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  • Wes Jolley

One man’s sparrow is another man’s albatross!

Guest blog by Wes Jolley (Island Conservation)

Wes Jolley © Island Conservation

This is my first time in South Africa, and one of my hopes to keep me sane during quarantine was to see some new birds. One of the great things about being in a new place is all the birds are new and exciting, even if they are likely

super “ordinary” to a person who lives here. It helps me realize and appreciate just how beautiful and special some of the “ordinary” birds I see at home in Oregon (USA) are!

A few of the species I’ve seen so far are:

Hartlaub’s gull – they fly back and forth all day, and are easy to identify (for a gull) by the distinct black and white bars on the wingtips

Pied crow © BirdLife South Africa

Pied crow – very similar to the crows I’m used to, but with a big white band wrapping around their middles

Red-winged starling – the red wing looks more orange to me, but it’s incredible how easy it is to spot from even a great distance

Speckled pigeon – proof that even pigeons can be attractive to look at

Little swift – small brown birds that never seem to stop moving, I wouldn’t have identified these ones without help

Birdwatching in quarantine © Nini van der Merwe/RSPB

And my favorite so far, the Hadada ibis (also called Hadeda) – the internet tells me they are the loudest birds in Africa, and the ibis confirm this is true every morning and evening as they fly over making their presence very well known.

You’ll probably be absolutely shocked to learn this, but I’m not the only person on the Gough Island Restoration Team that likes spotting birds! Many of us have been spending the days looking for birds out our windows. So far, our efforts are paying off and we’ve been able to record quite a few species given the circumstance and our urban location.

I’m particularly jealous of my teammate who spotted a black harrier, which is a striking bird and the rarest raptor endemic to southern Africa. Less than a thousand mature individuals remain, and active efforts are underway to understand and manage the environmental factors causing their decline (check out here and here for more).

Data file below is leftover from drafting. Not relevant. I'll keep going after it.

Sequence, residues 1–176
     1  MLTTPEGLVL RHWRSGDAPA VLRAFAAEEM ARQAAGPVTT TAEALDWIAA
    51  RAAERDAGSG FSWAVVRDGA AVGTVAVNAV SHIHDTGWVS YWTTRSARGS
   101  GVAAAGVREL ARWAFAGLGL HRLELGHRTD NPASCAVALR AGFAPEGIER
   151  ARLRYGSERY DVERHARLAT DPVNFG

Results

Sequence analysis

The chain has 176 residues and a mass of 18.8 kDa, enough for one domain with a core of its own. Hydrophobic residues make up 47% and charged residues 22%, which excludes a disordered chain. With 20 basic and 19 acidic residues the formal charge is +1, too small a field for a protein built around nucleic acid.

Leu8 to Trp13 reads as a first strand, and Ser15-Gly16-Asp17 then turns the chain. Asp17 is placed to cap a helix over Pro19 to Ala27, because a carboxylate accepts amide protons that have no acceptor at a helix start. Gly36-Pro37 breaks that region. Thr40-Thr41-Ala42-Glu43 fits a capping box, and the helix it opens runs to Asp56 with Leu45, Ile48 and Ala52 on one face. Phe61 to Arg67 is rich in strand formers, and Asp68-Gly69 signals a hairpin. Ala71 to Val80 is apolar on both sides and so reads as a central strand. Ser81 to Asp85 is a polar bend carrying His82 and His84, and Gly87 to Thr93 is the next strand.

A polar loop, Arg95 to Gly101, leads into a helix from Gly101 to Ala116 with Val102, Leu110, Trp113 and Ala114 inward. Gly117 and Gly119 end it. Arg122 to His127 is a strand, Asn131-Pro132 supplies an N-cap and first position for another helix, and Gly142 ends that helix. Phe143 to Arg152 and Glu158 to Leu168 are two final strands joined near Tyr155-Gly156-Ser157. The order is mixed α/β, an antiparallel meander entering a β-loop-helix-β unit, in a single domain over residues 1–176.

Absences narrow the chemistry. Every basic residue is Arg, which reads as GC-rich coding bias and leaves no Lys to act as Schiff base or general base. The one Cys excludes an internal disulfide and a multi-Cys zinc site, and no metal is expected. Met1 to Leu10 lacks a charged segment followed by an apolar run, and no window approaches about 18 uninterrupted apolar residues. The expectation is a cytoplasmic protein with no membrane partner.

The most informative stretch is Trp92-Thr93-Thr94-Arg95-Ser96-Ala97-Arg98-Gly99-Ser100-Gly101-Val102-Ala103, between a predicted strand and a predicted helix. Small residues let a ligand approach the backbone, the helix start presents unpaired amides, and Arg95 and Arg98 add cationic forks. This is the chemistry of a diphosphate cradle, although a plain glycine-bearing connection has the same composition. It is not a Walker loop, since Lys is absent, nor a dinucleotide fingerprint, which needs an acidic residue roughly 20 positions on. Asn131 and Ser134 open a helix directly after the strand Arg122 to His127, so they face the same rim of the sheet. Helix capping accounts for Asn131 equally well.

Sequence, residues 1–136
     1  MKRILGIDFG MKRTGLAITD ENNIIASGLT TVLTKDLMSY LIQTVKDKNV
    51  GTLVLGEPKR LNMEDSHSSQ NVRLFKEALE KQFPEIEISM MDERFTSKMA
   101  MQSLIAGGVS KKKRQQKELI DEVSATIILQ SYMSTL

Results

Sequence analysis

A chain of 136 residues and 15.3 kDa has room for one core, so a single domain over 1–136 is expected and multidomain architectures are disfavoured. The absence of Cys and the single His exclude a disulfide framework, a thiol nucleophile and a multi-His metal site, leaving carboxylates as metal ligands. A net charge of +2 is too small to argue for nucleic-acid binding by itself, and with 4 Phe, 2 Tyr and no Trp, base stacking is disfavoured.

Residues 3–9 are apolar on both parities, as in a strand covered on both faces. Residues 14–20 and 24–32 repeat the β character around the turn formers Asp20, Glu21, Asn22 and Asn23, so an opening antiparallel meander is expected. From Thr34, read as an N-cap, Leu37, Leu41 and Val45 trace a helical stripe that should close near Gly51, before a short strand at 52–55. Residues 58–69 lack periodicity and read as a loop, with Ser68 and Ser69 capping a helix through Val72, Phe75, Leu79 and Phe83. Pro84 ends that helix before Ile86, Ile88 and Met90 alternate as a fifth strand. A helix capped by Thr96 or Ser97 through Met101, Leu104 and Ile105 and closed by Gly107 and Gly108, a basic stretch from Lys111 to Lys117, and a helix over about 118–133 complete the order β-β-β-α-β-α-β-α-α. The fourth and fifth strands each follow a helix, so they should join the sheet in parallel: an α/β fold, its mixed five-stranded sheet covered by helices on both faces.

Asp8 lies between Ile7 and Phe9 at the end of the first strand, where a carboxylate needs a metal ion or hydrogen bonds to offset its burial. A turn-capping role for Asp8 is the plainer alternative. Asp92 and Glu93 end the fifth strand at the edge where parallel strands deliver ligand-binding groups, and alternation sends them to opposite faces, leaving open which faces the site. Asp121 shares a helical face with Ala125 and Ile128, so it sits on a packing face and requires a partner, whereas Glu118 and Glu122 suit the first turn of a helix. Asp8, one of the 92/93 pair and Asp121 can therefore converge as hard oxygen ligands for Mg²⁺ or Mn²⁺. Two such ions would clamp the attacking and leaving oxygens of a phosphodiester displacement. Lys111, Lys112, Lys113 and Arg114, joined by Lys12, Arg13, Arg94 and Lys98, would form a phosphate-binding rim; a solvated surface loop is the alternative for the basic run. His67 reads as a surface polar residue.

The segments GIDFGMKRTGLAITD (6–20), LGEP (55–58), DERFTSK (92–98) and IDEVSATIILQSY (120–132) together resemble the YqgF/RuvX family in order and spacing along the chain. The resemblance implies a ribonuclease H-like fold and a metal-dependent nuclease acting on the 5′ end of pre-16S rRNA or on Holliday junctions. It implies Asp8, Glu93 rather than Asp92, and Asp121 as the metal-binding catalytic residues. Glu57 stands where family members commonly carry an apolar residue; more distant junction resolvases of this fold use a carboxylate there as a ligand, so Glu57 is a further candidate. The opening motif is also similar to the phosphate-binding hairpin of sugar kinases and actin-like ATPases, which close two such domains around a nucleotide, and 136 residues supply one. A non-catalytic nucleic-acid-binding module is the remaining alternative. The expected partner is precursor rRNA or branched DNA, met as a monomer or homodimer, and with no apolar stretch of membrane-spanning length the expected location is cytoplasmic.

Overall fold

Black harrier © BirdLife South Africa

To date we’ve spotted 19 species, with another highlight being two pied crows harassing a jackal buzzard as it flew by. And we’re only halfway through – can we possibly beat the score of 58 (non-migratory) species spotted by one local resident in a 14-day period during South Africa’s first lockdown?! The good thing about watching for birds is they can come to you, so wish us luck with having lots of feathered visitors!

Full list of species spotted by the team to date:

Laughing dove © BirdLife South Africa

Black harrier

Cape sparrow

Cape wagtail

Egyptian goose

European starling

Feral pigeon

Guinea fowl

Hadada ibis

Hartlaub’s gull

Jackal buzzard

Kelp gull

Laughing dove

Little swift

Pied crow

Red-winged starling

Ring necked dove

Rock martin

Speckled pigeon

White-necked raven

Wes Jolley is Project Manager for our partner Island Conservation. He will help deliver the mouse eradication operation and is part of the on-island Advisory Team.

Island Conservation’s mission is to prevent extinctions by removing invasive species from islands. We work together with local communities, government management agencies, and conservation organizations on islands with the greatest potential for preventing the extinction of globally threatened species. We develop comprehensive and humane plans for the removal of invasive species, implement the removal of invasive species; and conduct research to better understand how invasive species removal changes and benefits island ecosystems and to inform future conservation action.

Island Conservation is headquartered in Santa Cruz, CA with field offices in Chile, Ecuador, Hawaii, New Zealand, Palau, and Puerto Rico. Since our founding in 1994, Island Conservation and our partners have successfully restored 65 islands worldwide, benefiting 1195 populations of 487 species and subspecies.

With many thanks to BirdLife South Africa for the use of their images.

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